Legislative and congressional races were set Friday with the end of qualifying. There will be fewer than usual uncontested races, but still several newly drawn districts in which candidates were essentially elected because they’ll face no opposition, reports Micahel Peltier and David Royse of the News Service of Florida.
In the Senate, nine incumbents – seven Republicans and two Democrats – will return automatically with no opposition on the ballot, even though they’re running in newly drawn districts.
One of the two major parties or the other sat out another four Senate races. One of those will be decided in a Republican primary between Jeff Brandes and Jim Frishe, and one in a Democratic primary between Mack Bernard and Jeff Clemens.
Two other Republicans drew no Democratic opposition – Sen. Don Gaetz, R-Niceville, will face no-party challenger Richard Harrison, and Sen. Alan Hays, R-Umatilla, will run against NPA candidate John Iler.
In the House, 33 candidates were essentially elected Friday, 29 of them incumbents and 4 newcomers. The newcomers who qualified with no opposition were: Travis Cummings, a Republican in District 18; Charlie Stone, a Republican in District 22; Democrat Victor Torres in District 48; and Shevrin Jones, a Democrat in House District 101.
As expected, Republicans, who already dominate the Legislature, will likely continue to do so.
Republicans failed to field a candidate in 23 House races, leaving either Democrats or no party or third party candidates to win those seats. But Democrats didn’t field a candidate in 47 of the 120 House districts.
Among those seats where Democrats won’t mount a challenge are more than a dozen in which it appeared they would have at least a fighting chance to win, according to voting statistics.
For example, in two House districts where a majority of the current voters went for Obama in 2008 – District 36 in the Pasco County area and District 83 in Port St. Lucie — the Democrats did not field a candidate this election cycle. In the Senate, no Democratic candidate was entered in District 22 in the Tampa Bay area, which would have been won by Obama in 2008.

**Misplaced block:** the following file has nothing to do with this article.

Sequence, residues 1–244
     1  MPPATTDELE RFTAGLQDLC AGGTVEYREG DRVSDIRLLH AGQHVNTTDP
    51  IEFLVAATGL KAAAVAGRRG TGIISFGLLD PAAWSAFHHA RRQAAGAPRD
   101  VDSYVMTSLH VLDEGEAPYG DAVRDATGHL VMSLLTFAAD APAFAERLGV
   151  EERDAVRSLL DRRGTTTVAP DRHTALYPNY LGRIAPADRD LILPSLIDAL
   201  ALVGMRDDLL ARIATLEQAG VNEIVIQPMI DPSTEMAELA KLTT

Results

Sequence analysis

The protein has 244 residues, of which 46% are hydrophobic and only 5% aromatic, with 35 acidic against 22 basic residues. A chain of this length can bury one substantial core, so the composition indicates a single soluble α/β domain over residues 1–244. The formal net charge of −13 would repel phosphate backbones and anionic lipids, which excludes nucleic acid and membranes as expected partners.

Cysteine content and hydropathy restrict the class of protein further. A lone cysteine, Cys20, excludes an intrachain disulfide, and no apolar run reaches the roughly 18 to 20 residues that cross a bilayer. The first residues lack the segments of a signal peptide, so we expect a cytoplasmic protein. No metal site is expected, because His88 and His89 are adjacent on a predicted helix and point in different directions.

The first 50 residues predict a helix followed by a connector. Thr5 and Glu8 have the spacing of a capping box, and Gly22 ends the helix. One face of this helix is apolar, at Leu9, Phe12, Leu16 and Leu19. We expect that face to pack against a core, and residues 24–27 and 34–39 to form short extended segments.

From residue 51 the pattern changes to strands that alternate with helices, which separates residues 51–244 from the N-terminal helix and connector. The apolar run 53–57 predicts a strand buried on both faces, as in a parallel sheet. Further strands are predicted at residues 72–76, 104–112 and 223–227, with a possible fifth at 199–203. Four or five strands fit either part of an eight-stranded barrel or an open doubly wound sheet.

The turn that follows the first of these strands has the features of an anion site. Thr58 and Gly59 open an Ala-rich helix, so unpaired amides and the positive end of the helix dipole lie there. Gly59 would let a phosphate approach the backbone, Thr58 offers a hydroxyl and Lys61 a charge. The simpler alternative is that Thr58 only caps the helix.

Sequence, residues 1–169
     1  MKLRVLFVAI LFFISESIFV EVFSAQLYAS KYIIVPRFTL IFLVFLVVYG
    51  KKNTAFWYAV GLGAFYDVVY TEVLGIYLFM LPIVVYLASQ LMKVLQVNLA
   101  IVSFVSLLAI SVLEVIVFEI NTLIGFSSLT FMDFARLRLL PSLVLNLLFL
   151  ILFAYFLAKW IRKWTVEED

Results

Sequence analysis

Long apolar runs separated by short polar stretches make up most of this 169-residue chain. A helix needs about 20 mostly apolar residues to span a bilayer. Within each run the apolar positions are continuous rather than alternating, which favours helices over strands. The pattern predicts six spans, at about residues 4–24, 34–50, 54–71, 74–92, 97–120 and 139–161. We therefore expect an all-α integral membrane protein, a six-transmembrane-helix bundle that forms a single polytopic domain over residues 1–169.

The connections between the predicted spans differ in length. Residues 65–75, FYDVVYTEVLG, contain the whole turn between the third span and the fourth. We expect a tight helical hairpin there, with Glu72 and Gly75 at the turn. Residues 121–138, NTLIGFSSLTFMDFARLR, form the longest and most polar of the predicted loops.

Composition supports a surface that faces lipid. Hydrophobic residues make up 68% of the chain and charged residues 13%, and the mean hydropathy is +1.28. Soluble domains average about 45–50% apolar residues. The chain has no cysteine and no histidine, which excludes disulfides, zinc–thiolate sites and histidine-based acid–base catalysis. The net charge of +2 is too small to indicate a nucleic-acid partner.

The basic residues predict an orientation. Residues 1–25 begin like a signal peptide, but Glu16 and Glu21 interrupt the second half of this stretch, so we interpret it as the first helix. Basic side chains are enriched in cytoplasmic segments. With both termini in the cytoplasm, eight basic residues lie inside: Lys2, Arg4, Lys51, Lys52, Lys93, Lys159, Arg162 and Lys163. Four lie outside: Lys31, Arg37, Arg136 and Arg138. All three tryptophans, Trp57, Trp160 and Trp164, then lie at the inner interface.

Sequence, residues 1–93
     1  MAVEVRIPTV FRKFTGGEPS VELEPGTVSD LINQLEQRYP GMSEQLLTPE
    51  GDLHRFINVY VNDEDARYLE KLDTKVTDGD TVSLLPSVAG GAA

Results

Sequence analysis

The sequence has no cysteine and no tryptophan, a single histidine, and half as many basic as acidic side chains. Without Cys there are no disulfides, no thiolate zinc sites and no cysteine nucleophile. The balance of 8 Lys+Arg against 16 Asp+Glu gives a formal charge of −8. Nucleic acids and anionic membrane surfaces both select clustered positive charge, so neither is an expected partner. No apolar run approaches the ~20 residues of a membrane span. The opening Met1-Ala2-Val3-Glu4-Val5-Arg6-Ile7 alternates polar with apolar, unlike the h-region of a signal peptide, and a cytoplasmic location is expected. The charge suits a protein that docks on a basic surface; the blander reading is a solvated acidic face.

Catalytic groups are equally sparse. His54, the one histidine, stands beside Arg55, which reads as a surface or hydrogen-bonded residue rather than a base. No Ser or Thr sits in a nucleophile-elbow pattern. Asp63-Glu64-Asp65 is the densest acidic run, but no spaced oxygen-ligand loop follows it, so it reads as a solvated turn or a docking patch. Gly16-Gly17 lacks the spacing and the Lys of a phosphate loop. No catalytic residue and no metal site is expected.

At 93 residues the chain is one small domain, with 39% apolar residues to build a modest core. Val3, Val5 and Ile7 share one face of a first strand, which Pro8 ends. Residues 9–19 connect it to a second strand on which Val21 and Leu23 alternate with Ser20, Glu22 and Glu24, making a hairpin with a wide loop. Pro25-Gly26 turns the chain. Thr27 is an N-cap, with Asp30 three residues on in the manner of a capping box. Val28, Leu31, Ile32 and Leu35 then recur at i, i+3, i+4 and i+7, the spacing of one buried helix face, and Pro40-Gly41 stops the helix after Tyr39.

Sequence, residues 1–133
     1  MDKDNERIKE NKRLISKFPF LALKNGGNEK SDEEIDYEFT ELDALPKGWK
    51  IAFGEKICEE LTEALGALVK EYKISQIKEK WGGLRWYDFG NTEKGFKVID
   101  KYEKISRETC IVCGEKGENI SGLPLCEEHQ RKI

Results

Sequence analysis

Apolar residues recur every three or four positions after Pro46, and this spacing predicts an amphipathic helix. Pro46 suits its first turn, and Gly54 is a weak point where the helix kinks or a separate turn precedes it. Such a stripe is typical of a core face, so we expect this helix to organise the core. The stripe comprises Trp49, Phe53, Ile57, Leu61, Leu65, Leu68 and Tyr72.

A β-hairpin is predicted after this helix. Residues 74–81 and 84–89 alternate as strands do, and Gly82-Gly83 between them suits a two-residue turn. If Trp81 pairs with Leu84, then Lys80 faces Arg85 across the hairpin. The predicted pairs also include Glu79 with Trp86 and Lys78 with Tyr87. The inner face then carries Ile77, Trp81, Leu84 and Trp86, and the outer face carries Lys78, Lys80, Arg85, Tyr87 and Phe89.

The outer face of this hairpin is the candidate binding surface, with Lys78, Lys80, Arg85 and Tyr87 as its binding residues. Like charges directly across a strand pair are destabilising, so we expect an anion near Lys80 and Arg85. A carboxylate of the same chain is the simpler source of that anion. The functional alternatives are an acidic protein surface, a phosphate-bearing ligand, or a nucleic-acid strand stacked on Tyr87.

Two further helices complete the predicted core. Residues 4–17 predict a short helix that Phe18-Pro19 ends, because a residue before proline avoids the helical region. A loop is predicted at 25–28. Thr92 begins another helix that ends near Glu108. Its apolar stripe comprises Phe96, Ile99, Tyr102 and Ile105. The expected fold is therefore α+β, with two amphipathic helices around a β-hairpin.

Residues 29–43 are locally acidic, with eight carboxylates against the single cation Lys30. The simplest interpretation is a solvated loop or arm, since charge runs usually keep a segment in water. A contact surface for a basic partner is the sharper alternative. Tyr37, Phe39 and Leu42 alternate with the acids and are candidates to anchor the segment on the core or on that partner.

In addition, no Democratic candidates were put up in 13 House districts and one Senate district in which Obama would have won at least 45 percent of the vote.
Both parties likely tried to field candidates in many races to avoid a new financial issue if they don’t: state election law requires candidates who don’t draw any opposition to empty out their campaign coffers. One of the things they can do with that money: plow it back into the party to be used in other races.
Despite the lack of candidates in so many races, a Democrat spokesman predicted the party would make gains in November.
“We are going to break the GOP supermajority in the Legislature and win congressional races across the state,” said David Bergstein, spokesman for the Florida Democratic Party
But Republicans look likely to retain commanding majorities in both chambers.
“What’s clear in today’s candidate qualifying is that Republicans will retain control of the state Legislature and possibly add to those majorities,” said Republican Party of Florida chairman Lenny Curry in a statement.
The nine Senate candidates essentially elected to office Friday were: Republican Sens. Charlie Dean, Nancy Detert, Miguel Diaz de la Portilla, Anitere Flores, Rene Garcia and Garrett Richter. Democrat Oscar Braynon of Miami Gardens and Arthenia Joyner of Tampa were also unopposed.
Republicans also entered candidates in strongly leaning Democratic districts. Davie Republican Soren Swenson filed Friday to run against Democrat Jeremy Ring of Margate in Senate District 29 while Republican Juan Selaya of Hollywood filed Friday to run against Sen. Eleanor Sobel, D-Hollywood, in Senate District 33.
On the congressional front, Florida will pick up two seats thanks to population growth over the past decade.
All congressional districts will be challenged with the exception of District 15, where Dennis Ross, a Lakeland Republican, will waltz into office without opposition.